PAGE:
In Space, Nobody Can See You Litter

Rolf Coppens
April 26th 2008


Between the launch of Sputnik on 4 October 1957 and 1 January 2008, approximately 4600 launches have placed some 6000 satellites into orbit, of which about 400 are travelling beyond geostationary orbit or on interplanetary trajectories.

Today, it is estimated that only 800 satellites are operational - roughly 45 percent of these are both close and far from the eart (Low-Earth Orbit and GEO). Space debris comprise the ever-increasing amount of inactive space hardware in orbit around the Earth as well as fragments of spacecraft that have broken up, exploded or otherwise become abandoned. About 50 percent of all trackable objects are due to in-orbit explosion events (about 200) or collision events (less than 10).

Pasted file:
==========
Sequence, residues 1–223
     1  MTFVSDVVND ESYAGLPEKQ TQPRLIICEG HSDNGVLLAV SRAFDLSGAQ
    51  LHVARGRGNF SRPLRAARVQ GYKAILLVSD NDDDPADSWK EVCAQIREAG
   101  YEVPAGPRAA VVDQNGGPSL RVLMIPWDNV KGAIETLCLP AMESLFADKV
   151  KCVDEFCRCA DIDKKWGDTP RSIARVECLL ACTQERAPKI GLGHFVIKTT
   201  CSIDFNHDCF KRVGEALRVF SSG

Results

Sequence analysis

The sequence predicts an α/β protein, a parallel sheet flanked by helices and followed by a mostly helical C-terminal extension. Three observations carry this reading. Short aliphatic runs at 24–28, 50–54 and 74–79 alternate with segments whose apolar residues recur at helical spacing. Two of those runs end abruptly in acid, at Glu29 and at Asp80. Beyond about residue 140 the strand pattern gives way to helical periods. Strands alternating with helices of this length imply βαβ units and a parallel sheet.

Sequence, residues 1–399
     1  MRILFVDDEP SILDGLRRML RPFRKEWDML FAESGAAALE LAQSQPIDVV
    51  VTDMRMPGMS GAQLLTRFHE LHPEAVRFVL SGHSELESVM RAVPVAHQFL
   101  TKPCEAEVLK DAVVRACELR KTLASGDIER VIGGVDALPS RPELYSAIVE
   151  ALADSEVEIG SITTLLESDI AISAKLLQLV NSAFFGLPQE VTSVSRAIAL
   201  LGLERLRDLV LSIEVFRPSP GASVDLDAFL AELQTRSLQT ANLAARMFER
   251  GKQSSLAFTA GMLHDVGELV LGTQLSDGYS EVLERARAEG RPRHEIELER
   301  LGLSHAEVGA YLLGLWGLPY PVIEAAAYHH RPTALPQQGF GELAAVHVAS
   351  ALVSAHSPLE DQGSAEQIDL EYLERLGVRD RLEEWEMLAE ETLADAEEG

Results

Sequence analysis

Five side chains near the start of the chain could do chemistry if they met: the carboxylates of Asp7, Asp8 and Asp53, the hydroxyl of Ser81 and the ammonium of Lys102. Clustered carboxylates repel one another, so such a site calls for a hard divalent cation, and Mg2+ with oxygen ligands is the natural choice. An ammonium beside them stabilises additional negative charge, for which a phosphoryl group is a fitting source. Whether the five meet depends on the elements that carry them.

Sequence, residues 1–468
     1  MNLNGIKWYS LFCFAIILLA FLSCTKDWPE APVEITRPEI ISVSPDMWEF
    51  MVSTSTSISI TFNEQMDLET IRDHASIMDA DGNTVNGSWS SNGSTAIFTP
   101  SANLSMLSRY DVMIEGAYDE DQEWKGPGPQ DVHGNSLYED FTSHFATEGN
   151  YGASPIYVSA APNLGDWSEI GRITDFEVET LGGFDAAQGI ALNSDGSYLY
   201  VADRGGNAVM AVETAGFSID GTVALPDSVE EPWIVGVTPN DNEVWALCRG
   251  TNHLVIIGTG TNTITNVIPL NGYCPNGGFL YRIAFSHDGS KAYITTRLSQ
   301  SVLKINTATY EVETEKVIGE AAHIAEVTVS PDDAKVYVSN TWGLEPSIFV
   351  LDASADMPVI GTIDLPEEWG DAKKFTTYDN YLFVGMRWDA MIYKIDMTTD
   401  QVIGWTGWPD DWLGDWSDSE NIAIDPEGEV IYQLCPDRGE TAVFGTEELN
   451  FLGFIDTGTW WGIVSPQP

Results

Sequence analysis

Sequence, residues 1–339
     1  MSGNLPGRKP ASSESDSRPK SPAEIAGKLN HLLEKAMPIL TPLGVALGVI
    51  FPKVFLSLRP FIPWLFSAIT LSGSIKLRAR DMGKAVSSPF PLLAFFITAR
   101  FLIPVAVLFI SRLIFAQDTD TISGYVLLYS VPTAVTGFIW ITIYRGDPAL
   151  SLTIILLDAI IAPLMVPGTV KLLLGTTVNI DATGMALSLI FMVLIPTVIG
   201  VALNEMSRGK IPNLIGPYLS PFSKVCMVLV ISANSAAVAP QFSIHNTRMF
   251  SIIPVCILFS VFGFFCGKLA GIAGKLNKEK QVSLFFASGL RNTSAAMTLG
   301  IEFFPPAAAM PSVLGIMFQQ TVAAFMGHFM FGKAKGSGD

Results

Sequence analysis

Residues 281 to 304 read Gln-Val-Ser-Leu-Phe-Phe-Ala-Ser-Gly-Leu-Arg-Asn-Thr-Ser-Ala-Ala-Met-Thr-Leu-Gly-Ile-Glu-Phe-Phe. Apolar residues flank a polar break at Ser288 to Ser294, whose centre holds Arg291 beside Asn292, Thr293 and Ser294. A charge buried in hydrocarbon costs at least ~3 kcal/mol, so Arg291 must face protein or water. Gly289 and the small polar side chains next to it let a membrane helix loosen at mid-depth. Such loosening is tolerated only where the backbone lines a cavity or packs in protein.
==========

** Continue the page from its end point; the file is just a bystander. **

So... I guess millionaires are paying Richard Branson tons of money to go see trash?


Share your thoughts and join the technology debate!public: 1


Posted 26/04/2008 – 22:49

Very good! I see the ozone hole is being taken care off. :)
Posted 26/04/2008 – 20:51

Trash is just stuff that is in the wrong place.
I believe it was Alex Steffen who said this.. in this case it seems all to obvious.

What is your view on the coronavirus?

Ine Geevers: #YesNaturally was about co-evolution and partnership. How to become friends with o.a. bacteria, microbes and viruses. Because yes, they can be deadly and vital at the same time.

Already a member? Login.